How do you plan on gathering all the different medical format files including hand-written documents?

Coral Health is working to create a seamless connection between your providers’ EHR systems and our patient app. This connection supports most of the commonly used data types from an EHR system, including medications, allergies, procedures, conditions, clinical vitals, and labs. We also allow users to manually enter results, so even if a particular provider’s EHR system is not integrated with Coral Health, our users can still benefit from using our system.

How is Coral Health addressing HIPAA, GDPR and other privacy laws?

By encrypting all information and never storing personal data on the blockchain, our system is fully HIPAA and GDPR-compliant by default. Learn more about our encryption method below, or in Section 6 of our whitepaper.

Can anyone see my health data?

No, your personal information is fully encrypted and only you have the key. You can securely share your information with anyone you choose, such as friends, family and care providers.

How does your encryption work at a high level?

  • Before data is sent from a provider to a patient, the data is first automatically encrypted with a public key that is linked to the unique private key that each patient has stored on their mobile device.
  • Because the patient’s private key only resides on their device, only the patient is able to access their medical data.
  • The patient can also securely share access to this file by decrypting the file and then recrypting it with their own key and a recipient’s key. Now, both parties have access.
  • The beauty of this architecture is that while the system is incredibly secure, the patient and the provider don’t need to know anything about encryption or managing keys. The security features are handled on the backend and the end user never has to interact with them.

How does your encryption work in detail?

Each time new data is created a symmetric key is also generated. That symmetric key is used to encrypt the data. The symmetric key is then encrypted using a patient’s public key. The encrypted symmetric key is then posted to the blockchain while the underlying encrypted data is stored off-chain using IPFS. The patient can then decrypt the symmetric key using their public key and use that decrypted key to decrypt the underlying data. Here’s a basic example:

  • Say we want to add data on a patient like "BRCA-1 Test Positive". That would get hashed to something like "123456.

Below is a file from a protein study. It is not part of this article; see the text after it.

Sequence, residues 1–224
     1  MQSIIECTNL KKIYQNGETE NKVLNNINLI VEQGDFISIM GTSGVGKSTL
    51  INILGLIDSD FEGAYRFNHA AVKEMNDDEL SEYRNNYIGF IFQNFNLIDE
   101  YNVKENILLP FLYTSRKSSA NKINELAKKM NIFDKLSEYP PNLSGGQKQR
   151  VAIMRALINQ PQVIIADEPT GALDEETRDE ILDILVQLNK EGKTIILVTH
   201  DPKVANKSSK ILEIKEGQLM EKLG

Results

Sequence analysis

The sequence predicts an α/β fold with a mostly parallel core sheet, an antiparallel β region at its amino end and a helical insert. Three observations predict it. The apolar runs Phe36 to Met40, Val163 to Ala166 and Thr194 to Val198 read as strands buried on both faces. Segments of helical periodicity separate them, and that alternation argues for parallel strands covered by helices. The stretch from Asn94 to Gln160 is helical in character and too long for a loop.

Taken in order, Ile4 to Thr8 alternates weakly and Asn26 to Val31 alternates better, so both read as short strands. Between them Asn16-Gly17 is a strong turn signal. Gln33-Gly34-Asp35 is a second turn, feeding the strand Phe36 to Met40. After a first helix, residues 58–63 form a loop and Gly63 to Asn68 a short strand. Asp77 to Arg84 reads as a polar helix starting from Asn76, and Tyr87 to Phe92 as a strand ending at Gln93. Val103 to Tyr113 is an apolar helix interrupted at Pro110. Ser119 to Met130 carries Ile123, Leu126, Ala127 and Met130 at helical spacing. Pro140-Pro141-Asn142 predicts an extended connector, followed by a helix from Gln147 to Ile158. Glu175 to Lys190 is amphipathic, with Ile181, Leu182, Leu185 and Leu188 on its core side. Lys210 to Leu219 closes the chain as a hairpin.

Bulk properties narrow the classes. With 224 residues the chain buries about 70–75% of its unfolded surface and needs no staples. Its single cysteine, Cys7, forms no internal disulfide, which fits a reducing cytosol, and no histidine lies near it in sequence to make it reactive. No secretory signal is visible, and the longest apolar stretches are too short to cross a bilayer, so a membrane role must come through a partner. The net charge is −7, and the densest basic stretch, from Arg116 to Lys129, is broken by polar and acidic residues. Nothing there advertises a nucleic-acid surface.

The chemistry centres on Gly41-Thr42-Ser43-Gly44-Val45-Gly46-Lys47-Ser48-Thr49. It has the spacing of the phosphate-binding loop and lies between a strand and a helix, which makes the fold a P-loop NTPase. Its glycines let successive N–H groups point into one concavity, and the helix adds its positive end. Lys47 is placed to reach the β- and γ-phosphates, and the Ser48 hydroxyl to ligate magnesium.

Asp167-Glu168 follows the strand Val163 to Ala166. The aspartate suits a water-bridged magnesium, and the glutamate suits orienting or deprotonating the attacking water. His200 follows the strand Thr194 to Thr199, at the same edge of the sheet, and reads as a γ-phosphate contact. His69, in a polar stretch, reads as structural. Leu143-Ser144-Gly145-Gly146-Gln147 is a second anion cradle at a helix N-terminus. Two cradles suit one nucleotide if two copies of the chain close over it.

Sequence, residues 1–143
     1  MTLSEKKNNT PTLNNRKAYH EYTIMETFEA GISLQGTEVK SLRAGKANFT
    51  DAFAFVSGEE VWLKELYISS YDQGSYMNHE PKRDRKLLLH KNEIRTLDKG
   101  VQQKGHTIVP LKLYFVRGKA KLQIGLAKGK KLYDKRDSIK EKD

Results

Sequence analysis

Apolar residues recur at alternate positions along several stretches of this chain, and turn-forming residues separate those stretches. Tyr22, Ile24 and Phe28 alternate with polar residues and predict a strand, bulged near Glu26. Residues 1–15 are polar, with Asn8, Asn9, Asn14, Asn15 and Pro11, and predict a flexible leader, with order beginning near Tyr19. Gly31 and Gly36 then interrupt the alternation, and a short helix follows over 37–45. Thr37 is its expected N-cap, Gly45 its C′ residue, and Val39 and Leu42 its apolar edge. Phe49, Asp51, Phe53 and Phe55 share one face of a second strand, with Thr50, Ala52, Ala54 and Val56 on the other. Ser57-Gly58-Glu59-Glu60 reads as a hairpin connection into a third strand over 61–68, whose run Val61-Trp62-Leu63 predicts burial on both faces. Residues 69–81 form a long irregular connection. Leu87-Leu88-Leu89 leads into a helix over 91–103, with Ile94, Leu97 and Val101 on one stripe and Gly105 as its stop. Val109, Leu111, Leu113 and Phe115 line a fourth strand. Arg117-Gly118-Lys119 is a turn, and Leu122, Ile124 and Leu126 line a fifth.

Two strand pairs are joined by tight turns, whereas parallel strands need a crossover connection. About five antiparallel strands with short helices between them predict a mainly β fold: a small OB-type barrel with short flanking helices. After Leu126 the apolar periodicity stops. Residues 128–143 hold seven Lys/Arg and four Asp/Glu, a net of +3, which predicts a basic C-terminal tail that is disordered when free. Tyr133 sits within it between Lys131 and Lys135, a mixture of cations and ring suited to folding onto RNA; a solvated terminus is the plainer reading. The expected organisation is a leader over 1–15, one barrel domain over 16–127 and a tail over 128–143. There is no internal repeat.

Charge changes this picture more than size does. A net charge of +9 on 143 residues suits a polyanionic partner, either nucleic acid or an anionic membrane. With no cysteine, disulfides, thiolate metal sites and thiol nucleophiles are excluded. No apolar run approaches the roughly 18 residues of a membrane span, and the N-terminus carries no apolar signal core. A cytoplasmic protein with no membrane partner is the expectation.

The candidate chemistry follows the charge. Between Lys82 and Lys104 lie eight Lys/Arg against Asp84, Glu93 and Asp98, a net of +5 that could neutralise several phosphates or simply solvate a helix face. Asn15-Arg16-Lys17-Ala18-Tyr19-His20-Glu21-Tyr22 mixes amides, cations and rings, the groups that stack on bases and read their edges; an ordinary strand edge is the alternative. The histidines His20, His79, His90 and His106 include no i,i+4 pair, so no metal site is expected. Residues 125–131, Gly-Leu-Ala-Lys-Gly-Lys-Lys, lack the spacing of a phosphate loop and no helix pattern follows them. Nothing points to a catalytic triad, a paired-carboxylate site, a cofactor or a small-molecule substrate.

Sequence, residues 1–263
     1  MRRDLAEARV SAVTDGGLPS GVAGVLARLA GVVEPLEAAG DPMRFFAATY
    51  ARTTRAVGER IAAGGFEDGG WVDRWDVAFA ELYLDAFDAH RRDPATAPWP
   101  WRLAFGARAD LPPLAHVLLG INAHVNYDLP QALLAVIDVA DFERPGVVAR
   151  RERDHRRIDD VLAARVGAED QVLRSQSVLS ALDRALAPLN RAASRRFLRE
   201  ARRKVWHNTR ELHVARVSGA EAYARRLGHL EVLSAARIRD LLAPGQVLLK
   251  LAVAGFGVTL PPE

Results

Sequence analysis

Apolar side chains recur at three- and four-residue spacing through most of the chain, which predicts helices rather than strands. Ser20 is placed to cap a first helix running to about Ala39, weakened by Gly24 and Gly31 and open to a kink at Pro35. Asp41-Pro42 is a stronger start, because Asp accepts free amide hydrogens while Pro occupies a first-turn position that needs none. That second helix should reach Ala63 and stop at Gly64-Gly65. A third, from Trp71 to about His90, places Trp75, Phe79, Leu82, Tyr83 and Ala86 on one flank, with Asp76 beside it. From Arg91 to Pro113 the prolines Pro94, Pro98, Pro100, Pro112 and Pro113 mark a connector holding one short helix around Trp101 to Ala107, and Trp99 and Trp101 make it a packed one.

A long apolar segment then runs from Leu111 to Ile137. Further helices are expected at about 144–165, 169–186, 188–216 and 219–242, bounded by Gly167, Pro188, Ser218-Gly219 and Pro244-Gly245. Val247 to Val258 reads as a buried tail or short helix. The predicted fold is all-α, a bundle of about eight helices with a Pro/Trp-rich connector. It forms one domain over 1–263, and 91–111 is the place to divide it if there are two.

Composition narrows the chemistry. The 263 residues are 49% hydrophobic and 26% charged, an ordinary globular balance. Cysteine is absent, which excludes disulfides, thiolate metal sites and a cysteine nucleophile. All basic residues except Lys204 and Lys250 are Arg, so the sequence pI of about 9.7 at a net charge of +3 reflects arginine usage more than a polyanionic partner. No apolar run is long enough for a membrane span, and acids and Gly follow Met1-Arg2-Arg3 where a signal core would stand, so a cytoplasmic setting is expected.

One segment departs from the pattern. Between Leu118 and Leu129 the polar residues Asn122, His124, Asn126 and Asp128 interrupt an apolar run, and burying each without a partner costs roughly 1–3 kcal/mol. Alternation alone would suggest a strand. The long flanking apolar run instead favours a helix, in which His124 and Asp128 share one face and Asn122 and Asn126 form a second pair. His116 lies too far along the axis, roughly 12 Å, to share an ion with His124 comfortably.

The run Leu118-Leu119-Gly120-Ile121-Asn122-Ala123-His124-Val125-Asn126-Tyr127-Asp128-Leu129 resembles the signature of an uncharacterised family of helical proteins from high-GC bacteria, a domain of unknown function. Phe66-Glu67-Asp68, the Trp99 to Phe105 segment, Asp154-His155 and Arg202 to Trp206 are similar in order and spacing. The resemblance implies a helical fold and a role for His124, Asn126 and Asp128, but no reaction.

• In the block that contains this "123456" it will store the hash of the previous block that might be "abcdef.
  • Those blocks get broadcast to all the other nodes and the nodes check the block that contains "123456" and sees that it contains a previous hash of "abcdef."
  • Then the nodes check the previous block to make sure the hash of that previous block is indeed "abcdef."
How is very large data stored and shared?
  • When a patient requests data from their provider, the information is immediately encrypted using the patient’s public key
  • A hash referent to the encrypted file is generated
  • This referent is stored on the blockchain while the encrypted file itself is stored in IPFS
  • It is standard practice nowadays to store data off-chain. IPFS is getting pretty well known for distributed data storage and anyone who wants to run a node can. This ensures democratization - however, we'll probably need to seed the nodes ourselves at the beginning while more entities become interested in hosting their own.
Is your blockchain open and public, and is the code published on GitHub?

Yes, all of our code is open source and available in our GitHub:

What data do you collect on patients?

Coral Health will only collect data from other sources when users connect them through your Coral Health Records App. As you connect your data sources (like mobile apps, web portals, and wearables), your Personal Data and Protected Health Information will be collected and accessible to you through the Coral Health Records App. All information collected is encrypted and securely stored on your mobile device. None of the information will ever be accessed or stored by Coral Health unless you explicitly choose to share your information or make your information available for commercial purposes.

Do you share patient information?

We believe that you, the data owner, should always be in control of your information AND choose whether or not you want to share it. As a default we will ensure that data sharing is turned off so you can activate it at your discretion.